Nine months of serious swimming has paid off for 10 of Homer’s best swimmers who leave next weekend for Anchorage to compete in the biggest swimming meet in the state, Junior Olympics at Bartlett High School.
“We start in September and go until April. It’s at least three hours of swim practice five days a week and even more during the high school season,” said 14-year-old Lauren Kuhns.
Kuhns will be a freshman at Homer High next year, and as a fourth-year JO veteran going into the 2013 Junior Olympics, she already knows what it takes to be competitive.
Homer High juniors and twins, Mark and James Nagle, have been competing at JOs so many times they can’t remember how many years it’s been.
“This is our third, or maybe fourth time at JOs,” said Mark. “It’s a very long meet.”
Mark hopes to get a few best times in his freestyle heats, whereas James’ main focus is the butterfly. Though the two claim different strokes as their favorite, swimming doesn’t escape the brotherly-love competition.
“We have some rivalry in the 50 free. Up until a few weeks ago I had the better time in the 50 free and Mark kept on saying ‘I’m going to beat you in the 50 free.’ Finally he did, so he’s happy now, but I plan on beating him soon,” said James.
Fellow Nagle, 14-year-old Remi Nagle, will be going to JOs for the first time.
“I’m excited. I’ve been doing a lot of sprinting and hardcore workouts in the water,” said Remi.
Fellow JO greenhorns are Griffin Downey, Theodore Castellani and Emmett Wilkinson.
Downey has been swimming recreationally in Montana for the past five years. This is his first year in Homer.
“Coming from Montana, I didn’t know what to expect. In my first year of competitive swimming I made it to JOs and that is pretty cool,” said Downey.
Castellani was excited to find out that he qualified for JOs. “Earlier in the season I never thought I would qualify, but here I am now,” said Castellani.
To qualify for JOs, swimmers must meet the times of the Junior Olympics Time Standards. The times differentiate between stroke, meters and age group. These times are posted early in the season giving the swimmers a goal to reach.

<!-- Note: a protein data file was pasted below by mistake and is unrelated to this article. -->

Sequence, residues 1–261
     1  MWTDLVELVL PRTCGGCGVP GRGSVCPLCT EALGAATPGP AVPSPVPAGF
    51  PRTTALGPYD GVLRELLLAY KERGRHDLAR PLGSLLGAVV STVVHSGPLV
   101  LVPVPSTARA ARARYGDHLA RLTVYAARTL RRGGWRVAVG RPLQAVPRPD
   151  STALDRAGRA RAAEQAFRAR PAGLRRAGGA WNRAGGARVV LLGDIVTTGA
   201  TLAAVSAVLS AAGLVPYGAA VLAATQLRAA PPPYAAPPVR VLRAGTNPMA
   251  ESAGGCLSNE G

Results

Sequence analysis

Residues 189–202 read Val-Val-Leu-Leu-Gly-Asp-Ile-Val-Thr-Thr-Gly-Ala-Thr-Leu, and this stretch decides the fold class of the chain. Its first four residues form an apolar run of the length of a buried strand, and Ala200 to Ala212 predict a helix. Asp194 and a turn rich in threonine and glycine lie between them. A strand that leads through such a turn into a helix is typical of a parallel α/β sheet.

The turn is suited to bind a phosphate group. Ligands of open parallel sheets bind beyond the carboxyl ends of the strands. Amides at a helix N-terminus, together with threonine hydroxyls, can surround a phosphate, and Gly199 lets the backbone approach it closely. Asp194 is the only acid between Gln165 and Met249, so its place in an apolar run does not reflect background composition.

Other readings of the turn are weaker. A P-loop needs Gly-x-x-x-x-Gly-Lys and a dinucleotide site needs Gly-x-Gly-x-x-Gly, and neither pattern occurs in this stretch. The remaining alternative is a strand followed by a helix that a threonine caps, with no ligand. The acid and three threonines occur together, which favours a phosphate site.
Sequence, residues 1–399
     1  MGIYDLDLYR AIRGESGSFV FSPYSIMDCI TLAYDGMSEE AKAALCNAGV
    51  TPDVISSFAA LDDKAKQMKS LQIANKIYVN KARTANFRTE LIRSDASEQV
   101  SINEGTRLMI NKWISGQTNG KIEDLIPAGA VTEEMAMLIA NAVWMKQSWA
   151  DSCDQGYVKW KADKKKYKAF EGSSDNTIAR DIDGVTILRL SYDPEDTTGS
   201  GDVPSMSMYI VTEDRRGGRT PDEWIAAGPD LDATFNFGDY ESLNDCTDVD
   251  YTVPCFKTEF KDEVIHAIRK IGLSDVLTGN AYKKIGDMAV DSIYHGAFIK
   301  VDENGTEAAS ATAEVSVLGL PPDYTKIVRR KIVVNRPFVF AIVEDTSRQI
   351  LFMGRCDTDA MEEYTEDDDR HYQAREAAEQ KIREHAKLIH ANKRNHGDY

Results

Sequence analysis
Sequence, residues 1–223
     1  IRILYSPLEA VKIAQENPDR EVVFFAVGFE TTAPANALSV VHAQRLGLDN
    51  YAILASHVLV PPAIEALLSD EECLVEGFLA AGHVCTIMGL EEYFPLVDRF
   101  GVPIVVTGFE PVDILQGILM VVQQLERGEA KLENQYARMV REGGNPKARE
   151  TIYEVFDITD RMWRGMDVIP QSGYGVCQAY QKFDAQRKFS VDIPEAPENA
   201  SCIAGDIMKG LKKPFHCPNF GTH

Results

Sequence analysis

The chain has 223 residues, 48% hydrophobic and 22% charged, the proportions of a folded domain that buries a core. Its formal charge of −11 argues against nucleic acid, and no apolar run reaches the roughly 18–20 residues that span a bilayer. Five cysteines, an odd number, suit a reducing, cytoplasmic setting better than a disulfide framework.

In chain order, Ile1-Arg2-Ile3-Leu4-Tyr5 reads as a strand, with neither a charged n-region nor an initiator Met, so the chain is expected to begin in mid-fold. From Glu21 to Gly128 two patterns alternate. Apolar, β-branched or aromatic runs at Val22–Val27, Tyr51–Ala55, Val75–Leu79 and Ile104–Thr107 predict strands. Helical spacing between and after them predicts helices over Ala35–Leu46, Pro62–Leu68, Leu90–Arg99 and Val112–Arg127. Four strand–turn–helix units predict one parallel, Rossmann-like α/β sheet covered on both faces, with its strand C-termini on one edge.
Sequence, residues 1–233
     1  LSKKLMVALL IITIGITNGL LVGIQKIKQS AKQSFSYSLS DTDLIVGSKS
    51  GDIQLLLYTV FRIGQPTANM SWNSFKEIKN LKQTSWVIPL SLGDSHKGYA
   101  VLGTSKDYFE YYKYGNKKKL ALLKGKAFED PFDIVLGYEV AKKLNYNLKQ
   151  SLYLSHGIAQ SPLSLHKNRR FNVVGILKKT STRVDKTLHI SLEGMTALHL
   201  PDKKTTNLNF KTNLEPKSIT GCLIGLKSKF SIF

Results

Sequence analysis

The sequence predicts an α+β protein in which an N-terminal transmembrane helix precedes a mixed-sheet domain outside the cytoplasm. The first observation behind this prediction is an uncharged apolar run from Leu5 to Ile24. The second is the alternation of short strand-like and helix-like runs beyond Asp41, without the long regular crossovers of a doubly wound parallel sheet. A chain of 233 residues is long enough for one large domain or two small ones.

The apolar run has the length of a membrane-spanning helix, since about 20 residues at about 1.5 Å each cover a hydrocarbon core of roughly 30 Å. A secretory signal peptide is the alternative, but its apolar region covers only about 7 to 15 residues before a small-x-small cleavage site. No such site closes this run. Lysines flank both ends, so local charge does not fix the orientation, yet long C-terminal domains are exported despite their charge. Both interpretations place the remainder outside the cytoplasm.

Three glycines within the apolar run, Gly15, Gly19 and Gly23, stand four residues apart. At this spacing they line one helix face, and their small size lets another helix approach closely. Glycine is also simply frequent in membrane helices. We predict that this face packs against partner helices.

Clayton Arndt and Leo Castellani are returning veterans to this year’s JOs, and 14-year-old Castellani is already feeling the pressure.
“It’s going to be tougher for me this year. I’m in a higher age group, which means faster swimmers,” said Castellani. “I’ve been coaching little kids and going to dry land practicing to get better.”
Homer High freshman Cyrus Cowan, on the other hand, will focus on his personal goals at the meet.
“It doesn’t matter if I win or lose. I just hope to get best times in all my events,” said Cowan.
These swimmers practice in the Kate Kuhns Aquatic Center where high school swim records are permanently displayed. They spend all season staring at those times, giving them motivation to one day get their name engraved on the board.
For a few on the JO team, that goal gets closer with every new timed trial and JOs is another chance to try.
Homer High junior Mark Nagle is already close to breaking his signature event, the 500 free, and Lauren Kuhns, sister of Kate Kuhns of the Kate Kuhns Aquatic Center, is following in her sibling’s swimming footsteps.
Kuhns said, “Next year I will be a freshman in high school and I am already close to breaking a few of those high school records.”
Clockwise from top left: Remi Nagle, Theodore Castellani, Lauren Kuhns, Leo Castellani, Mark Nagle, Cyrus Cowan, James Nagle, Griffin Downey. Not pictured: Clayton Ardnt, Emmett Wilkinson.